Barely inaugurated president, Javier Milei promises “a shock, an adjustment”

Three weeks after his resounding outsider electoral victory, Javier Milei became, at the age of 53, on Sunday December 10, the twelfth president of Argentina since the return of democracy forty years ago

Barely inaugurated president, Javier Milei promises “a shock, an adjustment”

Three weeks after his resounding outsider electoral victory, Javier Milei became, at the age of 53, on Sunday December 10, the twelfth president of Argentina since the return of democracy forty years ago. He took the oath in Parliament “in the name of God, of the country and on the holy Gospels,” swearing to honor with “loyalty and patriotism” the office of president. Then he put on the sky and white presidential sash.

Following the brief ceremony, at midday, Mr. Milei delivered his first speech as president, not in front of parliamentarians as is traditional, but from the steps of Parliament, in front of thousands of people gathered in a vast square, carrying a sea of ​​Argentinian flags and jerseys of the Argentinian selection.

Barely invested, he announced that a “new era” was opening for Argentina: “There is no alternative to an adjustment, there is no alternative to a shock” in terms of budgetary, because “there is no money!” “, Mr. Milei told a crowd of supporters, adding that for the economy “in the short term things will get worse.”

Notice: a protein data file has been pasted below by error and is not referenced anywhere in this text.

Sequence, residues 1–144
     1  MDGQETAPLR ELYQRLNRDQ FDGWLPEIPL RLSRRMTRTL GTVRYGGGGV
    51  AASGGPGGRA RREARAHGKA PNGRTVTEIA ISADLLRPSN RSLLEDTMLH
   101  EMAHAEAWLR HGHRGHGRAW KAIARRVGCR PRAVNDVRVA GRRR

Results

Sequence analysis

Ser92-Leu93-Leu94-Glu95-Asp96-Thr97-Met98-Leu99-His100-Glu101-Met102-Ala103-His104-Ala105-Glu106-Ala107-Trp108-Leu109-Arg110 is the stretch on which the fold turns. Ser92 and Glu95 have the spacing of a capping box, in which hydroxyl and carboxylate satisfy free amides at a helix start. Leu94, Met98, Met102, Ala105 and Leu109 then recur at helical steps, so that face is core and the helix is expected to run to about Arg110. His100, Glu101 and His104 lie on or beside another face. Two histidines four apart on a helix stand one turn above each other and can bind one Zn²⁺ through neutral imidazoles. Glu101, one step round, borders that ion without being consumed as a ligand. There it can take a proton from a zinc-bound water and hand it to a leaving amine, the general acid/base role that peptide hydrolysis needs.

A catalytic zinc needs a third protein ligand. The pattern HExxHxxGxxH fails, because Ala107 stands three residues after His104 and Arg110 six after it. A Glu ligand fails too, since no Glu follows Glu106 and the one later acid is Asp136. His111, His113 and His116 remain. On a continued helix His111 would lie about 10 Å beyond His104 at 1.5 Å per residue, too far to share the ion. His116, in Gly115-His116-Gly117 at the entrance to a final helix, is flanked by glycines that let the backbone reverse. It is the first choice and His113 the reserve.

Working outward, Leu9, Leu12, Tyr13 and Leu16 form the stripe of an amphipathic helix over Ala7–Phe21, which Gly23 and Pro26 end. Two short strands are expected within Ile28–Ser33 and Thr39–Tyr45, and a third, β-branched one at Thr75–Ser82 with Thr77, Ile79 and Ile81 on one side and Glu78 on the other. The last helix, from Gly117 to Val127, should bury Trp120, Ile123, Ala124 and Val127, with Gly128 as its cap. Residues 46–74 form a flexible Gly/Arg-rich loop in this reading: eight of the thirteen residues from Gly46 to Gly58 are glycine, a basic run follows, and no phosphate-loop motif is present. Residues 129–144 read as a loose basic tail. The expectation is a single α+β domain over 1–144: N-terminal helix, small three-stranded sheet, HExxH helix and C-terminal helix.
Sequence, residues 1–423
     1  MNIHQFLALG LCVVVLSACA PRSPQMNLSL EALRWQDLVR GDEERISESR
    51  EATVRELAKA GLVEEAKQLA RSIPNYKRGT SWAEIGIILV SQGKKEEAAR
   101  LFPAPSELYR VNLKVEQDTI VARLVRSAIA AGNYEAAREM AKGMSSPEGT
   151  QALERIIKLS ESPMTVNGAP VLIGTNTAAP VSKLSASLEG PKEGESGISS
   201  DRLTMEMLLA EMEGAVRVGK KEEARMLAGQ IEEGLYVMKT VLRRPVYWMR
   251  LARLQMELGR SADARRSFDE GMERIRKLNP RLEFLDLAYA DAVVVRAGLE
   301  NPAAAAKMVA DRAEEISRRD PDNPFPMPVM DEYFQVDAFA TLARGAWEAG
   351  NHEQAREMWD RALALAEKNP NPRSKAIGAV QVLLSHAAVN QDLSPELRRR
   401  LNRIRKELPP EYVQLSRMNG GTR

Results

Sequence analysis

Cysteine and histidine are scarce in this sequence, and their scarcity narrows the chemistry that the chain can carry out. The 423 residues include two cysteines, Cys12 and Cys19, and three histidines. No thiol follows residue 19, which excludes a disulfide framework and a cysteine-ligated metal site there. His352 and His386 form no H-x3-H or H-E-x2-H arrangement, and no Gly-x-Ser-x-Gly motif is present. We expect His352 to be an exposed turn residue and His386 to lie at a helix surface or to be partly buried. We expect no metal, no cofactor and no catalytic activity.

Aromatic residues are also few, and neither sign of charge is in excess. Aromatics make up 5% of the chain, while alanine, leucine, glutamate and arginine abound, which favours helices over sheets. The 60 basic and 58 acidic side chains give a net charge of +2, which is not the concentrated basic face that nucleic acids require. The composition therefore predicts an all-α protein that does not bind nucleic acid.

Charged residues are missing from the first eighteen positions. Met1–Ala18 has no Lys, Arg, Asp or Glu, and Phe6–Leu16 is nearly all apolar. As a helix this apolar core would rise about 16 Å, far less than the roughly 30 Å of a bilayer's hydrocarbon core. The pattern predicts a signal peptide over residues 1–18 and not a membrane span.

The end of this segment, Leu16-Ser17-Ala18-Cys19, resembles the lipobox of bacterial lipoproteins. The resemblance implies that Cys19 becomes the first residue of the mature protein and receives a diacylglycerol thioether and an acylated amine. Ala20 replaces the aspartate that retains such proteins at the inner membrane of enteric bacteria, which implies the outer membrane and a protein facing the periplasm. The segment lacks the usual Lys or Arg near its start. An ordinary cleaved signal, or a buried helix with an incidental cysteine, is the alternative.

After this speech, he will go to Casa Rosada, the presidency, where he will receive foreign dignitaries, then the swearing-in of his government, at this stage restricted to nine ministers, in accordance with his promise of austerity State. The president announced that he would convene an extraordinary session of Parliament in the coming days to present a first block of laws.

Inflation, debt, poverty

Javier Milei, an economist best known for years as a popular polemical panelist on TV, has turned Argentine politics on its head. Elected deputy in 2021, he swept away the Peronist bloc and the right, which had alternated in power for twenty years, with a clear message. On November 19, he scored a victory that surprised by its scale, winning in the second round of the presidential election against the outgoing centrist economy minister, Sergio Massa, with 55.6% of the vote.

Third largest economy in Latin America but faced with chronic inflation – at 143% over one year –, structural debt and 40% poverty, Argentina is preparing for painful adjustments in the coming days or weeks, the president having promised shock therapy to reduce public spending.